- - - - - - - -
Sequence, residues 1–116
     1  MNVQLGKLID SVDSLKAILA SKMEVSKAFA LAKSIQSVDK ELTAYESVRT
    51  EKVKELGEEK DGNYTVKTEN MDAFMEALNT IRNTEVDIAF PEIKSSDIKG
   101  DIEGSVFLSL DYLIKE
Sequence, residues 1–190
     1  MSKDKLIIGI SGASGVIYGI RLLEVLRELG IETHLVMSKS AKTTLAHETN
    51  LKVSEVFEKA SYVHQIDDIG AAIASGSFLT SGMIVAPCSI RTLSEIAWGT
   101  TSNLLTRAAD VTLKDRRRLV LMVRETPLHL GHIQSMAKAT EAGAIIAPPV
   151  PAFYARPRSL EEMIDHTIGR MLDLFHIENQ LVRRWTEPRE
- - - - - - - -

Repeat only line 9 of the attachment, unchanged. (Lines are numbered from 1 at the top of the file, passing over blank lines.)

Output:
   151  PAFYARPRSL EEMIDHTIGR MLDLFHIENQ LVRRWTEPRE